Sometimes I feel it would be very convenient for the Bank if I just stayed at my desk in Moorgate and made decisions on the hundreds of papers pouring into the inbox. But occasionally I manage to escape and broaden my horizons - which I certainly did on my recent visit to Scotland.
The visits organised by our network of Agents around the UK typically focus on meetings with businesses, whose insights on a range of issues are always valuable.
But my Scottish trip also involved a series of engagements with a slightly different focus: conversations with charity leaders and volunteers, and members of the public.
Following some visits to small PRA-regulated firms, at the City of Glasgow College I met our new Citizens’ Panel for Scotland – a group of around 20 people who had elected to join a conversation about the economy and, specifically, the issues that are of most concern to them.
The group is one of 12 new panels that we’re setting up around the UK to enable us to hear first-hand from a diverse range of citizens about their experiences of the economy.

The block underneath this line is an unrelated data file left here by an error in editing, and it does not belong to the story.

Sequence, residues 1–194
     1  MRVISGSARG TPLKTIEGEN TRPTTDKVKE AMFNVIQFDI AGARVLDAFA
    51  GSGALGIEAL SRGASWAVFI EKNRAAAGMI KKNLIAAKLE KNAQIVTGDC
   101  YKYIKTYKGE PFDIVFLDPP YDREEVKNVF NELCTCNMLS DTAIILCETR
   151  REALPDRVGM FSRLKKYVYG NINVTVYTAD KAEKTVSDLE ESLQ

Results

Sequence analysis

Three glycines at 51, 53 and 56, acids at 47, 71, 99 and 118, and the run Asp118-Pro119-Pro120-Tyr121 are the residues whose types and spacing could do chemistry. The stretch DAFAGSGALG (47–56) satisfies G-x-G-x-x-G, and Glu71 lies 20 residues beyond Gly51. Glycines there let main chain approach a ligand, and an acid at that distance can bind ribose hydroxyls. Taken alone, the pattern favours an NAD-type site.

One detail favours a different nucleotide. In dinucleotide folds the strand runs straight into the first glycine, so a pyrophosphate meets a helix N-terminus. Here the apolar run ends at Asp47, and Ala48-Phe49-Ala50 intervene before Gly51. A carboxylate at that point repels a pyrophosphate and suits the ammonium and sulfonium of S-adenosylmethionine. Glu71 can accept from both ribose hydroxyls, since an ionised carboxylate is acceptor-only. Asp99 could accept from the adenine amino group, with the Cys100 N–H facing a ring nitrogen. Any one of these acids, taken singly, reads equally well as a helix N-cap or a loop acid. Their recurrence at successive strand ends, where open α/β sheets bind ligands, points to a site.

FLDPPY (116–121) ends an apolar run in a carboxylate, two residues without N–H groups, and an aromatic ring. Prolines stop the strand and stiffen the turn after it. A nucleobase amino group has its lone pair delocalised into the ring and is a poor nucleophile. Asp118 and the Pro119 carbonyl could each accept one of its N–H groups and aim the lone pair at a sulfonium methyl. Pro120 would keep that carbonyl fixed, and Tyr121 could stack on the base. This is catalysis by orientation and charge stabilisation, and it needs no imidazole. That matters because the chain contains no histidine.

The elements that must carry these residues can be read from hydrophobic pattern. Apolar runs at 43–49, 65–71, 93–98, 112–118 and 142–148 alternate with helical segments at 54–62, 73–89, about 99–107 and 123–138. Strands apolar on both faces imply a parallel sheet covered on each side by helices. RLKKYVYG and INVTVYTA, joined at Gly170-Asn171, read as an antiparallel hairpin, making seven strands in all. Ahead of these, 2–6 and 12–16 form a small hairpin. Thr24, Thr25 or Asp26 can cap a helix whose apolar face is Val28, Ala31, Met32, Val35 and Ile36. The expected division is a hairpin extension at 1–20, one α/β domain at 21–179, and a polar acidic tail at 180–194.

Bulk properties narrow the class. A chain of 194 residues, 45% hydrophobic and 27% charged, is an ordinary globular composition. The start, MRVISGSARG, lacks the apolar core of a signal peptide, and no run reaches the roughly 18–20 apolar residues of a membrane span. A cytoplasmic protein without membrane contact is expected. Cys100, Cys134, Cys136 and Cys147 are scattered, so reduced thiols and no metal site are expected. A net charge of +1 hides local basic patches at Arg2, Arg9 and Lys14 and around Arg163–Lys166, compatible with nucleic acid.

People hadn’t just travelled from around Glasgow but as far afield as St Andrews and even by boat from the Isle of Bute! So the pressure on us to make sure it was an interesting evening for all was high.
The sheer breadth of topics raised by our panellists was striking. Unsurprisingly, Brexit featured a fair bit, but it by no means dominated.
We talked a lot about intergenerational inequality, especially with regard to the housing market, and heard people’s concerns about the nature of employment.
The last of those points – how the low headline unemployment rate belies the fact that many people feel insecure in their jobs or struggling with low pay and things such as zero-hour contracts, was also a prominent theme of day two of my trip, in Dundee.